Municipal bonds turned in a mixed performance during the first quarter. In January, the municipal bond market got off to a solid start and posted positive total returns. However, things quickly changed in February when an unexpected surge in Treasury yields led to a broad-based selloff in all fixed-income markets. Yields on 10-year Treasuries increased 83 basis points during the first quarter. Yields on 10-year benchmark AAA-rated municipal bonds moved higher in tandem with Treasuries, but to a lesser degree (41 basis points) during the first quarter. As yields rise, bond prices decline.
A number of factors contributed to the sudden spike in yields. Increased optimism about the progress of the COVID-19 vaccine rollout and the re-opening of the economy led many, including the Federal Reserve, to raise their economic growth forecasts. The Federal Reserve is now projecting that real GDP will increase at a 6.5% rate in 2021. The recent passage of an additional $1.9 trillion economic stimulus package (the “American Rescue Plan”) and the prospect of a $2.25 trillion infrastructure bill also contributed to the surge in yields. All of these developments caused the market to increasingly focus on, and price-in, upside risks to inflation.
Yields on Treasuries and municipal bonds decoupled somewhat in March with municipal yields moving lower (prices higher). An improving credit outlook, favorable supply and demand patterns, and the prospect of higher taxes under a new administration all contributed to a slight rebound in municipal bond prices during the month of March. Despite the ups and downs of the market, municipal bonds ended the first quarter almost flat with the Bloomberg Barclays Municipal Bond Index providing a total return of -0.35%.
State & Local Assistance:
The American Rescue Plan is the sixth stimulus bill passed since the onset of the pandemic and the largest to date. In the aggregate, enacted COVID-19 relief funding now stands at $5.2 trillion. The American Rescue Plan provides $350 billion to state and local governments to make up for the financial toll caused by the pandemic. The financial aid will be apportioned based on the share of unemployed workers in each state, meaning larger states will receive the most aid. Approximately $195 billion of the aid package is being allocated directly to states. Local governments across the country will receive approximately $130 billion, split evenly between municipalities and counties. The aid is expected to be released in two tranches, with the first funds required to be delivered by mid-May.
Under the funding formula estimates, Kentucky will receive $2.4 billion in state assistance; Tennessee will receive $3.8 billion; Alabama will receive $2.1 billion; Mississippi will receive $1.8 billion; and North Carolina will receive $5.2 billion.
The stimulus funds come with certain restrictions and must be spent by December 31, 2024. In short, the funds can be used to respond to the COVID-19 public health emergency or its negative economic impacts; support essential workers; provide public services in an amount up to the decrease in revenue versus the prior fiscal year; and finance water, sewer, and broadband infrastructure projects. There are two restrictions: (i) funds cannot be deposited into pension funds and (ii) funds cannot be used to “either directly or indirectly offset a reduction in the net tax revenue.” The tax cut restriction clause does not apply to localities, but the pension clause language remains intact. In the coming months, the Treasury Department will be issuing formal guidance that provides further clarification about permissible uses for the aid money.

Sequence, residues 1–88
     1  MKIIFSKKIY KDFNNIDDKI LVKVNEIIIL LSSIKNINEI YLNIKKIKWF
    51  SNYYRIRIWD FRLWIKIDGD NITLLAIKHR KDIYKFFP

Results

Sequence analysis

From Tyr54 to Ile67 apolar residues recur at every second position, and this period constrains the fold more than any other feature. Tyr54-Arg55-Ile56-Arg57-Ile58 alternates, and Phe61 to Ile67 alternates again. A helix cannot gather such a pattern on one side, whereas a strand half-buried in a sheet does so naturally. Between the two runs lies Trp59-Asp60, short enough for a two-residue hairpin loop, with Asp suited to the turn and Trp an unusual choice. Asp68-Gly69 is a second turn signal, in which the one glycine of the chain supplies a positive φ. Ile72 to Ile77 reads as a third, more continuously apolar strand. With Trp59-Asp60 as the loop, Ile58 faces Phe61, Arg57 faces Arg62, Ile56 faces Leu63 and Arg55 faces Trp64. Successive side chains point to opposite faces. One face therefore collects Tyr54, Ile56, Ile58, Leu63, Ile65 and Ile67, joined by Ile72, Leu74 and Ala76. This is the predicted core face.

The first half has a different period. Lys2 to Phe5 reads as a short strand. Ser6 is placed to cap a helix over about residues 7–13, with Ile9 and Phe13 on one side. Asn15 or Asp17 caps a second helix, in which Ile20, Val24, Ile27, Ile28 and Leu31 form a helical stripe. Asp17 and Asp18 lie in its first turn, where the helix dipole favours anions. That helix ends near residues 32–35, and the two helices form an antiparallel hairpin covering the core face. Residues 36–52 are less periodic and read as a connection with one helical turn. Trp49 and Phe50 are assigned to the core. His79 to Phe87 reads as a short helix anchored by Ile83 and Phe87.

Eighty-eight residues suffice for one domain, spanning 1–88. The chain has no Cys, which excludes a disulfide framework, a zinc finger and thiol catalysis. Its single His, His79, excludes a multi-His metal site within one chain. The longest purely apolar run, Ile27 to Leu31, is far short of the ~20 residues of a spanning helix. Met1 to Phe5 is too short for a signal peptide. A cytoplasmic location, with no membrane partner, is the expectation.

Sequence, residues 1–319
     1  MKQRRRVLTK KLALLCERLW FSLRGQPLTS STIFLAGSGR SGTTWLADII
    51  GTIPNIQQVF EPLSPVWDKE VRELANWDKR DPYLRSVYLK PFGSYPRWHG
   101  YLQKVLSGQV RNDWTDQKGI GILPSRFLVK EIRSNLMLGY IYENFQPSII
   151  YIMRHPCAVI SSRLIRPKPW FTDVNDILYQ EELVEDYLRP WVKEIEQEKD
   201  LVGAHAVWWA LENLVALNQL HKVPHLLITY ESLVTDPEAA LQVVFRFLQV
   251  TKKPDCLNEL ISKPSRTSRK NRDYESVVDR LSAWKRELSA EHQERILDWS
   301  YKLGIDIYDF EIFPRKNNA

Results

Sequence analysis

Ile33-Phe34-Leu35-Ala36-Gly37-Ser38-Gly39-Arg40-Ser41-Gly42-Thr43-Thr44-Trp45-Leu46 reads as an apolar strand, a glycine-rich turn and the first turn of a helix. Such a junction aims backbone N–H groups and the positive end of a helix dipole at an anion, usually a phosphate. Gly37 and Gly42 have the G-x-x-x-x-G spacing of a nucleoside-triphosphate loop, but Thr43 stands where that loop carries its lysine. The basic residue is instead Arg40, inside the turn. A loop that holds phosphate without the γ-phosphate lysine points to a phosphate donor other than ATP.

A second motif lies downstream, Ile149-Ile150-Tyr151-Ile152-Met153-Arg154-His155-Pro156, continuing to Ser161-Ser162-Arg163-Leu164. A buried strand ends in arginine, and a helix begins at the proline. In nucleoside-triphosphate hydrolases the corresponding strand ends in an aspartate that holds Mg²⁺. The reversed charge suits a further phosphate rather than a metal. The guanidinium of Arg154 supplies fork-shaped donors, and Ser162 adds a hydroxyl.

Moody’s, Standard & Poor’s, and Fitch Ratings have all raised their outlook on the credit ratings of state and local governments to stable from negative noting that the aid will help stabilize finances and make up for revenue lost during the pandemic. Sectors that were hit especially hard by COVID-19 such as mass transit, airports, convention centers, toll roads, and higher education will receive an immediate boost from the new round of financial assistance.
Overall, the passage of the American Rescue Plan is a big win for the municipal bond market. Now, as one commenter aptly noted, the hard part will begin–giving away all of the money! An improving credit outlook, strong supply and demand technical factors, and anticipated tax reform should all help to support municipal bond prices in the coming months.
Federal Reserve Update:
The Federal Reserve Open Market Committee (“FOMC”) met on March 16-17 and decided to keep the target range for the federal funds rate unchanged at 0 to ¼ percent. The FOMC reaffirmed its current interest rate stance and also announced that it will continue its asset purchases. Chair Powell’s post-meeting press conference comments and his subsequent testimony to Congress suggest that he does not expect that the fed funds rate will be increased before late 2023. He also made it clear that he believes that any stimulus-induced inflationary pressures will likely be “transitory” in nature.
Thank you for the continued confidence that you have placed in us.
Allen E. Grimes, Ill President